Just an empty bottle of beer (or three)


Just an empty bottle of beer (or three)

Recently, TINUS HORN was desperately searching for answers, specifically about Saul, the first king of a united Israel.


ONE of two things can happen if you carefully study certain scriptures: you can align your life accordingly, or you can exclaim, “Oi!" and attempt to drink three bottles of beer at once.

Consider the story of Saul, the first king of a united Israel. The fact that I delved into this last week will probably surprise a few people. At least those who know I don't have a soul and that I'll remain dead after my passing.

In 1979, when I was 16, my mom was deeply perturbed when she heard this. She wanted to know how I could not have a soul. She even planned a family reunion for the afterlife.

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The thing is, I was desperately seeking answers last week, and the Wi-Fi was down. Load-shedding. TikTok wasn't an option.

Moreover, I could identify with the little I remembered from King Saul in my Sunday school days.

Namely, he hurled a spear in David's direction when David strummed a harp in his presence.

By the way, that David was quite an interesting character himself. At one point, he declared that he loved Saul's son, Jonathan, more than he could ever love a woman. Only to marry Saul's daughter.

Saul was dissatisfied, even though David had slain 200 Philistines, circumcised them after death and presented their foreskins as a wedding gift. What Saul used the gift for, we don't know. Maybe he had a jacket made, accessorised with ties?

For context, I'd like to share a few highlights from Saul's story. I researched it on Wikipedia when the Wi-Fi came back.

Long story short, Saul's ancestors were chosen for some or other thing. The patriarch, Abraham, was at the head of a highly dysfunctional little family. Among his questionable deeds, he wanted to slit his son Isaac's throat and set him on fire. These days, that's against the law, but I'm getting ahead of the story.

His wife, Sarah (also his sister), couldn't have children at first, so she told Abraham to have relations with her slave, Hagar. Ismael was born from this. All well and good until Sarah miraculously became pregnant.

Eventually, she drove Hagar and Ismael into the wilderness to die of hunger and thirst. Abraham made no objection, but he at least packed them some sandwiches.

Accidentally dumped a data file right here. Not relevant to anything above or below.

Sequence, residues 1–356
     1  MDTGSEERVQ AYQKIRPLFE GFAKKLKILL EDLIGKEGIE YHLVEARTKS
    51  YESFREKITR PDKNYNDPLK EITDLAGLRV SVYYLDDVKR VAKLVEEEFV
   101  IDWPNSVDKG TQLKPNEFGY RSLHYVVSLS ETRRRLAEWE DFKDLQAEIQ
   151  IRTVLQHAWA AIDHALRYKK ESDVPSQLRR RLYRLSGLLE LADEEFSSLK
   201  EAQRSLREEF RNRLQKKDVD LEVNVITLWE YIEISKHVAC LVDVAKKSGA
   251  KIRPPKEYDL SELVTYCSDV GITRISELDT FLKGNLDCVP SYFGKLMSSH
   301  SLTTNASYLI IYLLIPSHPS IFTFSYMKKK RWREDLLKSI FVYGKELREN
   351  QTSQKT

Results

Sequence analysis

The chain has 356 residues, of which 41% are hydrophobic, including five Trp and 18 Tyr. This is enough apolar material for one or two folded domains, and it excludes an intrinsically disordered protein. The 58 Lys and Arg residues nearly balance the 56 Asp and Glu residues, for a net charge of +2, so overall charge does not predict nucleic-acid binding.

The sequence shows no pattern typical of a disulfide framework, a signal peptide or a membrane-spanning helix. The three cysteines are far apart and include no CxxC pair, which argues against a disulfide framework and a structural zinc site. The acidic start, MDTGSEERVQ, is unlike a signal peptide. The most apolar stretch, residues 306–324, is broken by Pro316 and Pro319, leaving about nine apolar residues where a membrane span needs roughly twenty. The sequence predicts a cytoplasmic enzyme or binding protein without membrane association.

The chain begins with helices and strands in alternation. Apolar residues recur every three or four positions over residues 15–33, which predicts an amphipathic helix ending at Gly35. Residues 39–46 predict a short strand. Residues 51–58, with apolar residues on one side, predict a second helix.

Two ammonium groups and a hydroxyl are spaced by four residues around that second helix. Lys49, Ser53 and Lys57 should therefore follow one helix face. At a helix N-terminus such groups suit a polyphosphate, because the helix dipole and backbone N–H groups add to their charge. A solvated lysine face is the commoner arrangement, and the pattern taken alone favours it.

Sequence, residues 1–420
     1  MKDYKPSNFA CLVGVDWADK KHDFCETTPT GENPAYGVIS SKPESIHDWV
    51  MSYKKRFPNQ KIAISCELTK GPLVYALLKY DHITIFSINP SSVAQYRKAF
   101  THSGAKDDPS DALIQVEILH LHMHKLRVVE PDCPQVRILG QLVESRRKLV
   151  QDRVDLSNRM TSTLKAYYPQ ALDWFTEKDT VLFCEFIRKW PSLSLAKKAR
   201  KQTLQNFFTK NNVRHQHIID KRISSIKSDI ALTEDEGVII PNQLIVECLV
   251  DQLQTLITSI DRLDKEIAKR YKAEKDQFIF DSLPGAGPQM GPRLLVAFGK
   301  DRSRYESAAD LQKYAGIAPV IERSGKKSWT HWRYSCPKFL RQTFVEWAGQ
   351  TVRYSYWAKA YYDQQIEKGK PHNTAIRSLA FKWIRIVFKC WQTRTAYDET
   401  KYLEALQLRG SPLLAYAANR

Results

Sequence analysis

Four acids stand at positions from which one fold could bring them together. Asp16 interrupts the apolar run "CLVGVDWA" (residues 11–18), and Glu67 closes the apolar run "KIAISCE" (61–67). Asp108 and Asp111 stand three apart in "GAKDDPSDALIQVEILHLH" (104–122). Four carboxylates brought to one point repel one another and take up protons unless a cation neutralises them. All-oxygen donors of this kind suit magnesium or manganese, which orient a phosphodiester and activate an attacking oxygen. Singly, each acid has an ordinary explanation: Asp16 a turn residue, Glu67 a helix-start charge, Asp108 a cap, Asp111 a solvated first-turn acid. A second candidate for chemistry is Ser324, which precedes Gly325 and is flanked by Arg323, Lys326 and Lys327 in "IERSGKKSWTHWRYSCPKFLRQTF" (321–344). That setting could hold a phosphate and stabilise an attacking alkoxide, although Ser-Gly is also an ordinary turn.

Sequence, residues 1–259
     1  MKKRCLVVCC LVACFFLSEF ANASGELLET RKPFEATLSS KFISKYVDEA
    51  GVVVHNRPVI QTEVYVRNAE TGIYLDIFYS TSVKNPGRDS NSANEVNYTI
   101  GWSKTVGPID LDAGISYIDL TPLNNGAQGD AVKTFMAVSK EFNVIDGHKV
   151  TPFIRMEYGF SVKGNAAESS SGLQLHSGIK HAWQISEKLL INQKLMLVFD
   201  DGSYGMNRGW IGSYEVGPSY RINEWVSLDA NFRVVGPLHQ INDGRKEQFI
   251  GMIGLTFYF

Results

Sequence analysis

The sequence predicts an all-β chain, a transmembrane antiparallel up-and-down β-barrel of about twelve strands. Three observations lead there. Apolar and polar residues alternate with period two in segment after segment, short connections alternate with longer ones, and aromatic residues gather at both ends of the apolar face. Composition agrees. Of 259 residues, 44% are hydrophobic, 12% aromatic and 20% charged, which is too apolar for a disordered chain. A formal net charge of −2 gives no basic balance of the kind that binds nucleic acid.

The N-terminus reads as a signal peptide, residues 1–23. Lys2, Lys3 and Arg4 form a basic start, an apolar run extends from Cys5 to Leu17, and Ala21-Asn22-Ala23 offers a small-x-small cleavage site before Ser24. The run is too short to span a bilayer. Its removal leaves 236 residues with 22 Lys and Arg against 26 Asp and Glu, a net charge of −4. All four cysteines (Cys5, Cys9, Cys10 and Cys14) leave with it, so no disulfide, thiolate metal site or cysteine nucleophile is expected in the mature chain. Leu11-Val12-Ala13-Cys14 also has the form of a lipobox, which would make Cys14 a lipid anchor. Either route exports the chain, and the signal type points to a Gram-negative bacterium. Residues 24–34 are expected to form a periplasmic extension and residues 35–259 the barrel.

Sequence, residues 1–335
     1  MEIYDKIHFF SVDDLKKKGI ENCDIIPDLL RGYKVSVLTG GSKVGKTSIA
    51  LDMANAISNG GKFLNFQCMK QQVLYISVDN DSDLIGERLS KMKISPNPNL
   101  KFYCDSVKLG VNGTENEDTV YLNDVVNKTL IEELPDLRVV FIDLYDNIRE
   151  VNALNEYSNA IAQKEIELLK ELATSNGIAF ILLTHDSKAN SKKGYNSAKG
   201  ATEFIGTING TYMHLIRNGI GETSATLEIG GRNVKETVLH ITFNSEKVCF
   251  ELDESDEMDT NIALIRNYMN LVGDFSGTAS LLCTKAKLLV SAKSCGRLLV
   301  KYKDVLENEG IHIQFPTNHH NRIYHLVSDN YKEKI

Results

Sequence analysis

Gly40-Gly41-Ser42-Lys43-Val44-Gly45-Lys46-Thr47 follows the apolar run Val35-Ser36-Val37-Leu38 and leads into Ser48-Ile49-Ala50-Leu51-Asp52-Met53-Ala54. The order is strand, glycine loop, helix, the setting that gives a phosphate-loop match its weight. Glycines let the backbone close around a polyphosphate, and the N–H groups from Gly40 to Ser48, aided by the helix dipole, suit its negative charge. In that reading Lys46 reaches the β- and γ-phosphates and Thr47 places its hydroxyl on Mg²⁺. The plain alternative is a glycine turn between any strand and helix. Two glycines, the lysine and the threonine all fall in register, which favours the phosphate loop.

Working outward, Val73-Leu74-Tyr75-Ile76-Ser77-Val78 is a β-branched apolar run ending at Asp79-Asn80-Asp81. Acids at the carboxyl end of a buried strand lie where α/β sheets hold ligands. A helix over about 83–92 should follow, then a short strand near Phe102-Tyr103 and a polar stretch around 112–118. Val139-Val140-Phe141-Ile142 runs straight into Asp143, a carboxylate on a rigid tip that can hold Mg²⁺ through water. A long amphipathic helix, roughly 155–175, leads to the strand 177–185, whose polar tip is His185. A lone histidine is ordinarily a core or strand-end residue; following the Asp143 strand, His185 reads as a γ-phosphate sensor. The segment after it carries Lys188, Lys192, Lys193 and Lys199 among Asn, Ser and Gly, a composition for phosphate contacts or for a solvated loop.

Hagar and Ismael unexpectedly survived, but I guess it's the thought that counts.

Following this, Saul's people endured one hardship after another, including slavery and child murder. They picked up a few tips before fleeing and embarking on a treacherous journey to the promised land of Canaan.

People lived there, but who cares? They could erase them when they arrived.

They clashed with the likes of Jericho (one survivor, Rahab, who sided with them), the Moabites (the virgins were spared, of course), and so on.

Children were a soft target, you see. If that's your cup of tea, go ahead and read the verses where babies' heads are crushed and pregnant women's bellies are ripped open.

Those were the pre-pro-life days.

The orders came from a higher authority with extensive experience in the field. It sounds awfully like America, but it didn't exist back then.

Back to Saul.

He was in charge of the final leg of the journey to the Promised Land. One of his tasks was to crush the Amalekites — men, women, children and animals. If I recall correctly, someone gave someone a wrong look.

So he was told, so he did. But he was a little too woke, it seems, and felt sorry for the king, sparing his life. That got him into deep trouble. David became king in his place.

That wasn't good news for Saul. The Gibeonites complained to David that Saul had been too generous with the sword in their case. The old man just couldn't win.

Saul was fortunate to have a few great-grandchildren he could spare, and handed them over to David for execution. He was a first-rate diplomat. I'm sure everyone was delighted.

Finally, Saul fell on his own sword after all his sons had met their end. He missed the Promised Land but he can console himself with this: It wasn't a dance party with complimentary refreshments, as Moses had promised.

With peace, Canaan was still rarely acquainted.

I conclude with answers to a bunch of questions I've had to listen to recently. FAQnhell apparently isn't an acceptable response.

Do you condone kidnapping and mass murder?

Are you out of your mind?

Bombing civilian areas?

Nuts. You're undoubtedly nuts.

Do you like beer?

Nothing to do with you.


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